NYCTA – Vent Plant

Long Island City, NY


Contract Value:
$54 Million

Project Dates:
2013 to 2018

  • 100+ ea. 0.6-meter diameter secants 60’ deep
  • Extensive Decking System spanning Northern Blvd
  • Construction of a vent plant 25’ below the water table
  • 6,000 GPM+ combined sewer bypass system
  • Underground work while maintaining vehicular & pedestrian traffic


This project involves installation of the underground Emergency Vent Plant #6420 for the MTA. The construction ties the new vent plant into the E & F Line of the MTA Subway System, providing ventilation for these two subway tunnels. Because the foundation for the vent plant was 25′ below the water table, the scope of the work included the installation of 100+ secants between 1-0.6 meter in diameter and 60′ deep. Due to the urban setting, construction involved supporting and/or relocating multiple utility lines including a 48″ diameter water line, a 48″ brick sewer, gas lines, oil static lines, and primary and secondary electric duct banks. The construction for the installation of a new sewer line included a 6,000 GPM+ combined sewer bypass system, Jet Grouting and Permeation Grouting around utilities, waterproofing, dewatering, and extensive deck beam installation spanning the limits of Northern Blvd. The project also included two miles of track panel closures in-between the E & F Lines and breaking into the side and roof of the E & F Lines for the connection of the vent plant into the subway system beneath Northern Blvd.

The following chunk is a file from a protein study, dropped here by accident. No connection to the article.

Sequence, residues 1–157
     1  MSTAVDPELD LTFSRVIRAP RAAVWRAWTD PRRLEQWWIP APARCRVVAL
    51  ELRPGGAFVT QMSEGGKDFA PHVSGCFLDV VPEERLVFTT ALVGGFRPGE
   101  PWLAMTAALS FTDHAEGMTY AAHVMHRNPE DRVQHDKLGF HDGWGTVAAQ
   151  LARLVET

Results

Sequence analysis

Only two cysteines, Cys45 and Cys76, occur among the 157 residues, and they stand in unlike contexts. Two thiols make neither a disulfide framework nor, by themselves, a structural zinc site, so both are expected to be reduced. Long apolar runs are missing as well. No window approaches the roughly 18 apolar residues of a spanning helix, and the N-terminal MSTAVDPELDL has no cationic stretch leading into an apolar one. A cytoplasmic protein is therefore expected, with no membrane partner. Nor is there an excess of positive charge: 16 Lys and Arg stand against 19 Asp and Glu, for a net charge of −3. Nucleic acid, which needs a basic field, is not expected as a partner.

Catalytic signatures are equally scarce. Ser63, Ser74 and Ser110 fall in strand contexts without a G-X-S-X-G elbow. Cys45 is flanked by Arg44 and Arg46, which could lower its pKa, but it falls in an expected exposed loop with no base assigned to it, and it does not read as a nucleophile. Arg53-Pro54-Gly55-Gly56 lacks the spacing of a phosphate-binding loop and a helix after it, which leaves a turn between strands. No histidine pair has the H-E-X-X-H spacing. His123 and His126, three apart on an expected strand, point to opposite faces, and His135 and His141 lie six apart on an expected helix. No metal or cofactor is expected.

The biggest challenge in this project was designing a secant wall around multiple utilities, and supporting and relocating utilities, while maintaining pedestrian and vehicular traffic. In addition, soil conditions included glacial till, which is some of the most complex geotechnical conditions in the NYC area. Utilities also included a 48” waste main below Northern Blvd, which penetrated the support of excavation needed to continue operation.


Posillico approached this work as a design-build endeavor. Posillico worked with consultant Mueser Rutledge, to design the secant wall for support of excavation, while supporting and relocating existing utilities. Secant piles were shortened and redesigned for the required structural and geotechnical integrity of the system. To cut off the ground water intrusion below the secant piles, a permeation grout ground water cutoff curtain was installed from the bottom of the secant pile wall down to rock. Jet grout was used to complete the support of excavation wall around the 48″ water main. The road was maintained while working underground.